Get some feedback on your performance, preferably from someone who knows about interviews and interviewers. Don’t leave things at the mercy of your improvisational skills when you really don’t have to.
DON’T SWEAT THE SMALL STUFF…UNLESS THE SMALL STUFF MAKES YOU SWEAT. I’m talking about things like your interview outfit or your hairdo or whatever small, mundane things get under your skin. We know that they’re not important in themselves, but we also know that they can add to your worries.
So: Get that new suit or that haircut or whatever will make you more comfortable. Cross it off the list of things to stress over. It’s akin to the idea of rehearsing for the moment, another way of being – and feeling – totally prepared.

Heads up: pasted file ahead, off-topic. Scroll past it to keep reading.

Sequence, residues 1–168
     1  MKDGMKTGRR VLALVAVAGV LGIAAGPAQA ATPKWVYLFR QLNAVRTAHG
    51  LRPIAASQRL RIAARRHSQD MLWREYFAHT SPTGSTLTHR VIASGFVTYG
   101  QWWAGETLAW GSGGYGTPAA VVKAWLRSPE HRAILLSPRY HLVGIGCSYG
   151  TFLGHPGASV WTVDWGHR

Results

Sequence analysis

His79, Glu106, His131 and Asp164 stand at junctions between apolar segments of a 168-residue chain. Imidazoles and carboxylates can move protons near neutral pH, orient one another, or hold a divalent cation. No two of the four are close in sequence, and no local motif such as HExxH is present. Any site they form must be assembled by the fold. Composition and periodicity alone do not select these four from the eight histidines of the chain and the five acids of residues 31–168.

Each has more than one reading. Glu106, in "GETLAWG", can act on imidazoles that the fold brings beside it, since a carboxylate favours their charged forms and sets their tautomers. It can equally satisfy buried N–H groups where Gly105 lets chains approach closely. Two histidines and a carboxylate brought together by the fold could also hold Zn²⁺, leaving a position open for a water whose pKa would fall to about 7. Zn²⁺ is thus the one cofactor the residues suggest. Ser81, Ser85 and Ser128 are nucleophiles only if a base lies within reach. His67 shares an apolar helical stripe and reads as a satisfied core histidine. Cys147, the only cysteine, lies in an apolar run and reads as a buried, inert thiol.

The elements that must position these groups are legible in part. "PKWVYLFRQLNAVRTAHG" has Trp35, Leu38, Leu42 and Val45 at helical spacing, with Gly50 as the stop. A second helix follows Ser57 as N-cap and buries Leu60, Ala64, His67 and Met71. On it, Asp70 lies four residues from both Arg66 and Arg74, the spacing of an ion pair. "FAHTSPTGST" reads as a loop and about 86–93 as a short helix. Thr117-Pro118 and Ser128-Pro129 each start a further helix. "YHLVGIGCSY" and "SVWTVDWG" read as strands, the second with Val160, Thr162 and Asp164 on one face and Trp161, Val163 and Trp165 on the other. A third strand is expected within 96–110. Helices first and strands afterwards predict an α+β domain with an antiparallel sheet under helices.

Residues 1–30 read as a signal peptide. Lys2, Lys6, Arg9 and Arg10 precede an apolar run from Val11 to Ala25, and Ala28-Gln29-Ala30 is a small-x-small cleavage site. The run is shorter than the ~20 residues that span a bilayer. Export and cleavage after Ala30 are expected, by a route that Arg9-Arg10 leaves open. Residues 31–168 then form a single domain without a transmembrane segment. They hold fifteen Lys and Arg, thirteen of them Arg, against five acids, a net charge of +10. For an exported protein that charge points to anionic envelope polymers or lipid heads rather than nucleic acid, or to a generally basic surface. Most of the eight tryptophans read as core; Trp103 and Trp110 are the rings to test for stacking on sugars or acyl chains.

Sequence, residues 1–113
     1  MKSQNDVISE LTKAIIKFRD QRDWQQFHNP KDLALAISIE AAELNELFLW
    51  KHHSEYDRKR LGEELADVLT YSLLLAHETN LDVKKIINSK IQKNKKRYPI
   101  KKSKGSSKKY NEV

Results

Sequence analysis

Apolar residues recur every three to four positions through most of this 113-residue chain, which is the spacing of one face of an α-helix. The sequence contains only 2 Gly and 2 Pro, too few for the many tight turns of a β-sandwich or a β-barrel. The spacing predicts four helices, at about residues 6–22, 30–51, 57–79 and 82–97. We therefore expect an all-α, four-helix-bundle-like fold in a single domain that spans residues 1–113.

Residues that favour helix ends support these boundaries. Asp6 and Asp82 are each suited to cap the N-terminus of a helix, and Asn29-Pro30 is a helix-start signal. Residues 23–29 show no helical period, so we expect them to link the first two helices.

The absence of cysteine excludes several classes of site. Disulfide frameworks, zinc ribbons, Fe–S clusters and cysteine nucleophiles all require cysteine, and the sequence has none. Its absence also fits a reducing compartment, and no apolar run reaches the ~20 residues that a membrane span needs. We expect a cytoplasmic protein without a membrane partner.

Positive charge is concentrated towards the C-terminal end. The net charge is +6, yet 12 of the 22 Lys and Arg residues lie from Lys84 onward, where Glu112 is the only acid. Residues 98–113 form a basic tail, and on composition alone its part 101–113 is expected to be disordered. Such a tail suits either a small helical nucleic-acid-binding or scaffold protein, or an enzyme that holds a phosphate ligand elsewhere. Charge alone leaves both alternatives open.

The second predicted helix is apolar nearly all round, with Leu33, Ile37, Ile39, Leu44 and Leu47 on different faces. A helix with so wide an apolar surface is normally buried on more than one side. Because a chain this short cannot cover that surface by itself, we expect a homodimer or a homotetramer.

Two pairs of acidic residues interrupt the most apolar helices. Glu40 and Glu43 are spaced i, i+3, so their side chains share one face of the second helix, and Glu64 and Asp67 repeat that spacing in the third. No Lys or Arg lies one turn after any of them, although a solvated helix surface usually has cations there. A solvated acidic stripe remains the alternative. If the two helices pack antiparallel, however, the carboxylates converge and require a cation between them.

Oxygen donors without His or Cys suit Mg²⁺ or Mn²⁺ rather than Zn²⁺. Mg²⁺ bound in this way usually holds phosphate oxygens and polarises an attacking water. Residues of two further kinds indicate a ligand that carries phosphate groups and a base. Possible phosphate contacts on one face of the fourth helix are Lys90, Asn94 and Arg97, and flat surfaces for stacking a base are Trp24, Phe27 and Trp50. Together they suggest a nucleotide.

The interview process may never be fun, exactly, but you can make it a lot less painful if your feeling is “I’m ready for this. Bring it on.”
None of this is exactly groundbreaking. You’ve probably heard a lot of it before. But the reason you’ve heard it before is that these simple things have been proven to work for a lot of people.
Give some of these strategies a try. Find out what works for you, and use those tools when you need them. You have nothing to lose but some weight off your shoulders.
If you need an experienced career coach to help you advance to the next level while staying as free as possible from stress, I can help you craft a game plan.